Carbamates

Exposure

  • Carbamate Insecticides
    • Carbaryl
    • Aldicarb
    • Baygon
    • Ficam
    • Propoxur
    • Ambenonium

Physiology

  • Absorption
    • Skin
    • Lungs
    • GI tract
    • Injection
  • Reversible Acteylcholinesterase Inhibition: accumulation of ACh at nicotinic and muscarinic synapses
  • Metabolism: rapid elimination by serum cholinesterases and hepatic metabolism
    • Duration of toxicity is therefore, generally shorter and less severe than with organophosphates

Diagnosis

  • ABG: metabolic acidosis, respiratory acidosis
  • FOB: may be necessary to rule out airway injury
  • CXR/Chest CT Patterns
    • Low Lung Volumes:
    • Aspiration Pneumonia: may be seen in some cases
  • PFT’s: restriction
  • Plasma Cholinesterase Activity: usually have normal activity, since carbamate inhibition is rapidly reversible
  • RBC Cholinesterase Activity: usually have normal activity, since carbamate inhibition is rapidly reversible
  • Urine Tox Screen: may detect these agents

Clinical Presentations

Acute Carbamate Exposure

(effects occur 30 min-2 hrs after exposure)

Muscarinic Effects

  • Neuro Manifestations
    • Blurred Vision
    • Miosis
  • GI/GU Manifestations
    • Nausea/Vomiting
    • Crampy Abdominal Pain (see Abdominal Pain, [[Abdominal Pain]])
    • Urinary/Fecal Incontinence
    • Urinary Frequency
    • Hypersalivation
  • Pulmonary Manifestations
  • Cardiac Manifestations
  • Other Manifestations
    • Hyperhidrosis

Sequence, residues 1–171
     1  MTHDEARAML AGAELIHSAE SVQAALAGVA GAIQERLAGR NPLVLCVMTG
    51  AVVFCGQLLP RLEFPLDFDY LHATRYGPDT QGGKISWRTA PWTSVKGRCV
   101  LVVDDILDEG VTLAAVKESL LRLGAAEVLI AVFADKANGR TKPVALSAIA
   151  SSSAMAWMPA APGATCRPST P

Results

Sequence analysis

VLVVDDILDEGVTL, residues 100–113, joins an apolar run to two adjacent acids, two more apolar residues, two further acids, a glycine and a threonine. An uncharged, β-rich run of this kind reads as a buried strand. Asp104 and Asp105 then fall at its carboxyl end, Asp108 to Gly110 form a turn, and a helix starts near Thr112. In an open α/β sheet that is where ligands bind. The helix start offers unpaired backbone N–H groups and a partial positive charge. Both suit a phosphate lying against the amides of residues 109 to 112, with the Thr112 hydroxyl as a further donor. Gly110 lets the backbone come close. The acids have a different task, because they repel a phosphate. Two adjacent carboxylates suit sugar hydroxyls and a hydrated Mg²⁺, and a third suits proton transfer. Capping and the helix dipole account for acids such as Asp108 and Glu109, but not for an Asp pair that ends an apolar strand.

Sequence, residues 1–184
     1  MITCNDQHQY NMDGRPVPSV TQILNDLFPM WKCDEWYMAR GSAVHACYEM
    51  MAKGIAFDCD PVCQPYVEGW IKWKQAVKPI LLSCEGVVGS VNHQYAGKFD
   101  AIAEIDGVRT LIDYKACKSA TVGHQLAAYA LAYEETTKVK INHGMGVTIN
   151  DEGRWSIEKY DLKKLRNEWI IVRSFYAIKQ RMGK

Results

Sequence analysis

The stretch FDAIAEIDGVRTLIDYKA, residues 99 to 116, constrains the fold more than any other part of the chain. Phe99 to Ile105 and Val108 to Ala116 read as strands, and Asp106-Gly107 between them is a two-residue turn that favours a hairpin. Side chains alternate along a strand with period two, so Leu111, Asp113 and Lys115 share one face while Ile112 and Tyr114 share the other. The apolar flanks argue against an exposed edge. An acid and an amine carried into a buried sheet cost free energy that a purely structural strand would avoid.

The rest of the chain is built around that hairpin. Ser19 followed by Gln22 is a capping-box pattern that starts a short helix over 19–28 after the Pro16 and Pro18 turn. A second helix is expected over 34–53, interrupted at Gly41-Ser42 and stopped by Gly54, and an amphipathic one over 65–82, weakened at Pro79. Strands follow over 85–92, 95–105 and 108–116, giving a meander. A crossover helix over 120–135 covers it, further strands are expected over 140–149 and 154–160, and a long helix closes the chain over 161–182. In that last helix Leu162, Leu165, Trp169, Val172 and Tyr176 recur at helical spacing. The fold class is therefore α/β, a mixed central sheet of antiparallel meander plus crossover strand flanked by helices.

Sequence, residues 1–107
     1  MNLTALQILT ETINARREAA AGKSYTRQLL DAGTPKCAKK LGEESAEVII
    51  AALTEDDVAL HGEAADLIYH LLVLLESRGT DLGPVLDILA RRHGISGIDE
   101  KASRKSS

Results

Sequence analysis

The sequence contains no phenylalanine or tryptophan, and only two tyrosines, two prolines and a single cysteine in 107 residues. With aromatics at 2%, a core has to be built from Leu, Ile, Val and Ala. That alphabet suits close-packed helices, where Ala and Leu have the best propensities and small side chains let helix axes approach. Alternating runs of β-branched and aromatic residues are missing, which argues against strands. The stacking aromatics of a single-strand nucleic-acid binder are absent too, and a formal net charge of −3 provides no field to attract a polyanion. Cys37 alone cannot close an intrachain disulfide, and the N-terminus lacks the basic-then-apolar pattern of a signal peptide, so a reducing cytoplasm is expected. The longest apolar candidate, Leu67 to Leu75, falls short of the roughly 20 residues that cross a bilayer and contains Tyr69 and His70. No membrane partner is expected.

• Lacrimation

Nicotinic Effects

  • Neuro Manifestations
    • Twitching/Fasciculations: fasciculations are strongly suggestive of cholinergic intoxication
    • Weakness
    • Ataxia
    • Areflexia
  • Pulmonary Manifestations
  • Cardiac Manifestations

CNS Effects

  • Anxiety/Agitation
  • Tremor
  • Seizures (see Seizures, [[Seizures]])
  • Altered Mental Status/Coma (see Coma, [[Coma]])

Treatment

  • Remove Contaminated Clothing/Wash Skin (with soap and water)/Evacuate from Site of Exposure: to prevent further contact
  • GI Decontamination: indicated for ingestions
    • Charcoal: indicated for ingestions
  • Atropine (muscarinic receptor antagonist): give 0.5-2.0 mg IV q15-20 min until clinical effect by mucosal drying and decreased secretions (some cases require multiple doses or a drip for a period of days)
    • Heart rate and pupillary size should not be used as endpoints
    • Less effective for CNS effects
    • Ineffective for nicotinic effects
  • Pralidoxime (2-PAM)
    • Reactivates cholinesterases
    • Effective for nicotinic effects
    • Dosage: give 1-2 g IV over 15-20 min
    • Pralidoxime is less effective for CNS effects
    • Probably should not be used for Carbaryl intoxication
    • If used for other carbamates, should be used only in conjunction with atropine
  • Steroids: may be beneficial in ALI, but unproven

Prognosis

  • Most cases recover within 24-48 hrs
  • Death: may occur (primarily due to respiratory failure)

References

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